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The $35 Tablet - too good to be true?

The Indian government’s recent announcement of its plan to produce a $35 tablet next year garnered global media coverage. What was more stupendous than the magnitude of the task (taking simple economics into account), was the media’s almost wholesale acceptance of this latest tech-pledge at face-value. After all, this isn’t the first time the Indian government has made such pledges. In early 2009 the Indian government unveiled plans to roll out a $20 laptop called Shaksat with 2GB of RAM, but like the $35 tablet, details of other components and specifications were hard to come by. As is the case with the tablet, the government planned to by-pass the open market and produce its own cheaper devices which would transform the Indian education system. It hasn’t happened. Even if the $35 tablet was produced at the lowest cost economically possible and with the most ‘intelligent design’ applied, the fact remains that India would still have to import the touch screens from China because they are not currently produced in India.

The Indian government’s recent announcement of its plan to produce a $35 tablet next year garnered global media coverage. What was more stupendous than the magnitude of the task (taking simple economics into account), was the media’s almost wholesale acceptance of this latest tech-pledge at face-value. After all, this isn’t the first time the Indian government has made such pledges. In early 2009 the Indian government unveiled plans to roll out a $20 laptop called Shaksat with 2GB of RAM, but like the $35 tablet, details of other components and specifications were hard to come by. As is the case with the tablet, the government planned to by-pass the open market and produce its own cheaper devices which would transform the Indian education system. It hasn’t happened.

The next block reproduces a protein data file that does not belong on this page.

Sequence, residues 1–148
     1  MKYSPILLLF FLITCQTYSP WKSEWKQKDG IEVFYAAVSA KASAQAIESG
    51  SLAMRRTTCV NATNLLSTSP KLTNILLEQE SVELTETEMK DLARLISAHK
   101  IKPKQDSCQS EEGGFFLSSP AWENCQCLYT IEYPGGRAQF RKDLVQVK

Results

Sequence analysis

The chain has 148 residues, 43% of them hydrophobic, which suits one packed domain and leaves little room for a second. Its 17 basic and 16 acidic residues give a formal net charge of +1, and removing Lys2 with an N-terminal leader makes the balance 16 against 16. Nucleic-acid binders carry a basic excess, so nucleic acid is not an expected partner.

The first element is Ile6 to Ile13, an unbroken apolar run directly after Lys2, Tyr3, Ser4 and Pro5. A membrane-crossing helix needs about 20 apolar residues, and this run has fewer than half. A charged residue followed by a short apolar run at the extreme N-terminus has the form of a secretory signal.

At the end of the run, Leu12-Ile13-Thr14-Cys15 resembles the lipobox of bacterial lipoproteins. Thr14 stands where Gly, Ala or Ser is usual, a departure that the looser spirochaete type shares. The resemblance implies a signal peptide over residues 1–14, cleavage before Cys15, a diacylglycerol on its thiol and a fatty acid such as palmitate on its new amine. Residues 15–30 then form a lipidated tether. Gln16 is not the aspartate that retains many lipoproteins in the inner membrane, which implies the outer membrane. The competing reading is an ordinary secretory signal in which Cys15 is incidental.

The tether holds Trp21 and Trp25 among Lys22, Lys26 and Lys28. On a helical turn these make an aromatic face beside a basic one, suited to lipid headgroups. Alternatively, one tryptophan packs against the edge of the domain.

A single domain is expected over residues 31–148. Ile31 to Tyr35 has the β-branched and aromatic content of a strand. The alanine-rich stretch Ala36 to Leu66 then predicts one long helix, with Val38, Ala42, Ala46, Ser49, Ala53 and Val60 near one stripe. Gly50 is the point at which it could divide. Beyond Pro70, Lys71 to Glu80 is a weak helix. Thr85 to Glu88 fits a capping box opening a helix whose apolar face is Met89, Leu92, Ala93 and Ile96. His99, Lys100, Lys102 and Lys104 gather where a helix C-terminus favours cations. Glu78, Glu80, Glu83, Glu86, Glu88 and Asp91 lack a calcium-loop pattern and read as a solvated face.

Even if the $35 tablet was produced at the lowest cost economically possible and with the most ‘intelligent design’ applied, the fact remains that India would still have to import the touch screens from China because they are not currently produced in India. China has a system designed for low-cost manufacturing that, according to Mike Elgan of Computerworld, cannot currently be rivalled by India (which tellingly provides only 16% of its manufacturing workforce with in-service training compared to China’s 90%) "Country Strategy for India (CAS) 2009-2012" World Bank. www.ukibc.com/ukindia2/files/India60.pdf). India’s design and engineering expertise are not in question, nor its desire to produce its own version of OLPC’s $100 laptop. What is in question is the economic feasibility of such a plan when the bare facts dictate that even the solar panel equipped to charge a tablet is likely to cost more than $35 to produce if it can be produced at all in India at scale.

While the attention focused on low-cost devices does put increasing pressure on manufacturers, technologists and engineers to come up with more inventive ways to produce low-cost devices to scale, it can also obscure the more pressing issues which concern education systems, their outdated curriculums reinforced by rote learning, cramming, costly government run schools and under-resourced and poorly trained teachers. Would one tablet per-child in India of its own accord transform a monolithic, overburdened, didactic education system that has been in place for over 150 years?

We may find out if the $35 Tablet reaches production next year as promised. Home to the 100,000 rupee ($2,127) compact Nano car, the 749 rupees ($16) water purifier and the $2,000 open-heart surgery, India’s ability to challenge the skeptics is certainly on record as being more than an empty promise. Tablet or no tablet, such pledges whip up a media frenzy that strengthens India’s position as a technology hub, and that fact cannot be lost on a politic-smart government. In the meantime we may keep an eye on China......

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